"I hold the stake. I grasp the handle of the hammer.  I grip the measuring cord with Seshat. I turn my eyes to the movements of the stars. I fix my sight on Meskhet(yu) [the Bull´s thigh, the Great Bear, the Big Dipper]. I count off time, I watch the clock, I establish the four corners of your temple"

When people admire the incredible accuracy that the Ancient Egyptians displayed in laying the foundations and orienting their buildings, it must be emphasized that the Ancient Egyptians accredited the math goddess Seshat for this accuracy.


Saturday, August 19, 2017

African Pygmy Gods

One fascinating, yet little known fact, about the history of humanity, is that our origin, inception, progression, and proliferation, was dependent on the African Pygmy.

Millenniums ago, Before the first Dynasty of Ancient Kemet, Before the construction of the Great Pyramids and Sphinx, In a time reaching back to the Pre-dynastic period, and even earlier, going back countless ages into the Neolithic era, the stone age, and even further back to the very dawn of Humanity, the African Pygmy tribes were appointed by Nature to reign as vicegerents over the Planet Earth.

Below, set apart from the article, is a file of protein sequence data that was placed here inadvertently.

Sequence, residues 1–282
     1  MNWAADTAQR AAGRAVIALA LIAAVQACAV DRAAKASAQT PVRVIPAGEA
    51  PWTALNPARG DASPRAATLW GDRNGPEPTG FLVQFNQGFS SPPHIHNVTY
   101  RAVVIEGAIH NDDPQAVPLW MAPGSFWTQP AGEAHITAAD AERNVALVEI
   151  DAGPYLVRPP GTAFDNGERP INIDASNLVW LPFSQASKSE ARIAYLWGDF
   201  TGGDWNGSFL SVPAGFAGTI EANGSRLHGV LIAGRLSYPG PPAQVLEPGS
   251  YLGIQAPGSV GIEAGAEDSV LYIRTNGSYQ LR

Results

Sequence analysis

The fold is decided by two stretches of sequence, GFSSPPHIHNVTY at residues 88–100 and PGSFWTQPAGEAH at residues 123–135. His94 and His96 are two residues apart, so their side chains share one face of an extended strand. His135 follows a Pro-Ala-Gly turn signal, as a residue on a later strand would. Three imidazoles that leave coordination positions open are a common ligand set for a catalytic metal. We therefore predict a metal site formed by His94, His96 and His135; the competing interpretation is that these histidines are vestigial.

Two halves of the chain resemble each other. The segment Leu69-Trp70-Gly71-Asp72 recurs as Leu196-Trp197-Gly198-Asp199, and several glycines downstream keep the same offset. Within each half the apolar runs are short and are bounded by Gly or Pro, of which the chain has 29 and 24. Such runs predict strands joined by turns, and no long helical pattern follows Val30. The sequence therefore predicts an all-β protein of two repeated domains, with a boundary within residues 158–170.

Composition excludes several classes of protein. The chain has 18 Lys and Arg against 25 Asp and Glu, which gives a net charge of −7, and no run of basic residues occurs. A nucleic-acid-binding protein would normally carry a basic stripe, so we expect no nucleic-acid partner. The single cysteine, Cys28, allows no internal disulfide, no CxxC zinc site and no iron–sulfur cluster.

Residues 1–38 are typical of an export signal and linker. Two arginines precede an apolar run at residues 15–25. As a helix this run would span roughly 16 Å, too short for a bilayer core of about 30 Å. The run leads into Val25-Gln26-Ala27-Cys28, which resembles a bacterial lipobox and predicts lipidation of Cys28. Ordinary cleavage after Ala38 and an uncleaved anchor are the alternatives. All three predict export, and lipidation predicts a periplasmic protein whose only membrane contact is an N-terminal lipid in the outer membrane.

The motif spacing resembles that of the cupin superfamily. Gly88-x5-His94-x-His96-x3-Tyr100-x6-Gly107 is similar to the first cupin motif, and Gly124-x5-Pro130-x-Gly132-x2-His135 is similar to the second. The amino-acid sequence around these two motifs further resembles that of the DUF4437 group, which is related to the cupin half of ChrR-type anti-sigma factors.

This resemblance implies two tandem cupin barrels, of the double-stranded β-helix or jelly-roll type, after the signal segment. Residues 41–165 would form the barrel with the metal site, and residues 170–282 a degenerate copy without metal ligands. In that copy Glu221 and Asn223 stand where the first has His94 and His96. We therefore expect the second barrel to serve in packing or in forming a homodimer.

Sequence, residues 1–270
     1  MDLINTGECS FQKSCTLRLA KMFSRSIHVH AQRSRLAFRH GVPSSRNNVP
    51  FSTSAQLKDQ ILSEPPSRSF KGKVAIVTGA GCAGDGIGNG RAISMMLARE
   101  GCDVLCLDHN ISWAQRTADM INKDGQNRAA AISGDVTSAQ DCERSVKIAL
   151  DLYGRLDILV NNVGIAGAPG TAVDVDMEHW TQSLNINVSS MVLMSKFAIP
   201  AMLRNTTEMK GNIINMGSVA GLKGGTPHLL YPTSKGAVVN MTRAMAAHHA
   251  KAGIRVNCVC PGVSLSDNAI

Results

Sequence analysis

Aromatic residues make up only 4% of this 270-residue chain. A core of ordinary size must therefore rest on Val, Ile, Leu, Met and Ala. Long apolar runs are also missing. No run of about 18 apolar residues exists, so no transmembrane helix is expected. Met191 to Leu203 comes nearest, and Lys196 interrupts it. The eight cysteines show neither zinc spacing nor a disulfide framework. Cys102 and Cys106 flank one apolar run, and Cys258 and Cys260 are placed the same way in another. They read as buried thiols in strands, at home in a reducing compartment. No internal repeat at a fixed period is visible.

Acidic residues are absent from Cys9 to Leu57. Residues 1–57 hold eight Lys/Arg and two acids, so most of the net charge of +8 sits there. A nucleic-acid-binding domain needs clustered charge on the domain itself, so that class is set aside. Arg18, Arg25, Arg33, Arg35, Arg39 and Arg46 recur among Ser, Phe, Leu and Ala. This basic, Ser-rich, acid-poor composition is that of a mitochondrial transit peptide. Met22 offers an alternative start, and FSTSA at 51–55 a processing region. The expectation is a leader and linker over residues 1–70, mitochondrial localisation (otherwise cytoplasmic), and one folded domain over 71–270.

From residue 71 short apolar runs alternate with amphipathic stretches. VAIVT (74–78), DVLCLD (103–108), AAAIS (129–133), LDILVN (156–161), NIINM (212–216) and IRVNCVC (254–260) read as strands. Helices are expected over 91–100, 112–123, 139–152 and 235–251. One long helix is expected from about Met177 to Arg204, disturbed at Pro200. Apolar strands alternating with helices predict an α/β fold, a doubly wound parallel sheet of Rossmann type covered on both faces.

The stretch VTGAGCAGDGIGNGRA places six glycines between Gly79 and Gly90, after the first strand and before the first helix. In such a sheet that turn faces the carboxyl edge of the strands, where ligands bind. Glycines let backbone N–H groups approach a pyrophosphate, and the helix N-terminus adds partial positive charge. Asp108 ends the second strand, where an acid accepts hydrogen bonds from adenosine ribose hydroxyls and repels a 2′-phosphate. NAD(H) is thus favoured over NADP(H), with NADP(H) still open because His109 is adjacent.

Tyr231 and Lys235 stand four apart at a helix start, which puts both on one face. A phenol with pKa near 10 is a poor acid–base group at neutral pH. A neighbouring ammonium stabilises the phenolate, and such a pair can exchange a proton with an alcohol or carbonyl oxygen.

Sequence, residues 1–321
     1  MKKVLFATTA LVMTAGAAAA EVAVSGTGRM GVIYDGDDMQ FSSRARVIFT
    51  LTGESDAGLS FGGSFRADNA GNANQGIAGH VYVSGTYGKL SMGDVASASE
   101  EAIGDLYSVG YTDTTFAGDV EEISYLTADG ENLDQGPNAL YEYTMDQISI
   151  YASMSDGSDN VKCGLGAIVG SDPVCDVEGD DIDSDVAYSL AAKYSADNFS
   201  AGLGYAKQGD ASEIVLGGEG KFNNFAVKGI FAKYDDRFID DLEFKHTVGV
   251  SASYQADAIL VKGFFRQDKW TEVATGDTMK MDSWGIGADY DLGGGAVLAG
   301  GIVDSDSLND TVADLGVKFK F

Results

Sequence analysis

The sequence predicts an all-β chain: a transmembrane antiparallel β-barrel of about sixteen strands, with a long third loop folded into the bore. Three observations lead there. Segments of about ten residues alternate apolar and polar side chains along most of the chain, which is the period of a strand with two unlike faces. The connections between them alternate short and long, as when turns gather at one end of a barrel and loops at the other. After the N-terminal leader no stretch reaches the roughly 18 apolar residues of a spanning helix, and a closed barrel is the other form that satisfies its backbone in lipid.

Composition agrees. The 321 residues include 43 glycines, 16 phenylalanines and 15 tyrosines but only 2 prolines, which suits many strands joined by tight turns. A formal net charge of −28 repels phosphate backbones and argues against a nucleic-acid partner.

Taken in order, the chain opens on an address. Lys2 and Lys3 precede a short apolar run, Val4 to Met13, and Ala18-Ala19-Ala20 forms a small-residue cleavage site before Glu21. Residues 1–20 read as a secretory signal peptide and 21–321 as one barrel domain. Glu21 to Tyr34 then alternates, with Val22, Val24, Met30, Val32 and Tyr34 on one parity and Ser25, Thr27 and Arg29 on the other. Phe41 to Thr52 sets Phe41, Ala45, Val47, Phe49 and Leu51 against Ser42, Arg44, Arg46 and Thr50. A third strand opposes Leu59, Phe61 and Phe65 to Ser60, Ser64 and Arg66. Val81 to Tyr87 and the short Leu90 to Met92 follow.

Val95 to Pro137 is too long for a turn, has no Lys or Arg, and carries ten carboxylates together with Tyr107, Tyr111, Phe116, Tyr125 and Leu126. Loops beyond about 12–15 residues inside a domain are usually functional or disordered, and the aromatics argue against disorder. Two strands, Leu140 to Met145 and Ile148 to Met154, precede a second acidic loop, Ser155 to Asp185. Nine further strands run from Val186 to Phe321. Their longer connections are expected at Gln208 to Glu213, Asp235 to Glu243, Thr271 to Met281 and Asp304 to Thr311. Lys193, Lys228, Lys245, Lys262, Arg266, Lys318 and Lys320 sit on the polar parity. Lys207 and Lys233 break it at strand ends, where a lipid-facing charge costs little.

Scientific genetic studies have shown that the African Pygmy tribes have the oldest living DNA on planet earth. Namely, the San, Twa, Mbuti, Aka, and Bayaka tribes of Southern and Central Africa.  Moreover, as it is discussed in the book “The Signs and Symbols of Primordial Man” by Albert Churchward, the Africoid Pyrmies travelled all over the planet.  The pygmy tribes called “Negrito”, namely the Ati, Andamanese, Seman, Maniq, Aeta, and Koro-pok-guru, were the progenitors of the people in Thailand, Philippines, Malaysia, India, and Japan.  The Africoid Pygmy tribes were also sailors and navigators who traveled to the islands of New Guinea and Australia as the predecessors of people in that region.  Back on the African continent, the Dogon tribe of Mali tell stories of small red-skinned pygmies called Tellem, who were the first to live and settle in the area.  The Tellem pygmy tribe built their dwellings high up on the sides of cliffs and on the tops of mountains, and the remains can still be seen to this day.  It is believed by the Dogon tribe that the Tellem must have been “aero-pygmies” gifted with the ability to fly in order to reach their dwellings built high up on the cliffs and mountains.